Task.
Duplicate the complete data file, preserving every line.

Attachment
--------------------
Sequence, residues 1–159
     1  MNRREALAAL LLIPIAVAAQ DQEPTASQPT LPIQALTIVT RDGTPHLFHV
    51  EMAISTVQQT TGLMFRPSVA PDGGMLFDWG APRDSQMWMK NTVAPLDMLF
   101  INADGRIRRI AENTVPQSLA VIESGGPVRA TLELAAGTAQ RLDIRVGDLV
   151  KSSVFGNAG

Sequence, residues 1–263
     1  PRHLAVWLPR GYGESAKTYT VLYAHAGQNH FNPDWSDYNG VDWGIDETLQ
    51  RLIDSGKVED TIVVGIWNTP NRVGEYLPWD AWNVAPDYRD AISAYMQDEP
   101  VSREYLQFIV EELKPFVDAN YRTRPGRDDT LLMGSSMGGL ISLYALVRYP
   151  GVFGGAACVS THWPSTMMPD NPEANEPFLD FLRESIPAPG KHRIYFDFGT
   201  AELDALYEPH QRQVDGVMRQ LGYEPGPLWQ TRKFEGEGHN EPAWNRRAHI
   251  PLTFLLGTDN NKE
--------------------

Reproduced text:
Sequence, residues 1–159
     1  MNRREALAAL LLIPIAVAAQ DQEPTASQPT LPIQALTIVT RDGTPHLFHV
    51  EMAISTVQQT TGLMFRPSVA PDGGMLFDWG APRDSQMWMK NTVAPLDMLF
   101  INADGRIRRI AENTVPQSLA VIESGGPVRA TLELAAGTAQ RLDIRVGDLV
   151  KSSVFGNAG

Sequence, residues 1–263
     1  PRHLAVWLPR GYGESAKTYT VLYAHAGQNH FNPDWSDYNG VDWGIDETLQ
    51  RLIDSGKVED TIVVGIWNTP NRVGEYLPWD AWNVAPDYRD AISAYMQDEP
   101  VSREYLQFIV EELKPFVDAN YRTRPGRDDT LLMGSSMGGL ISLYALVRYP
   151  GVFGGAACVS THWPSTMMPD NPEANEPFLD FLRESIPAPG KHRIYFDFGT
   201  AELDALYEPH QRQVDGVMRQ LGYEPGPLWQ TRKFEGEGHN EPAWNRRAHI
   251  PLTFLLGTDN NKE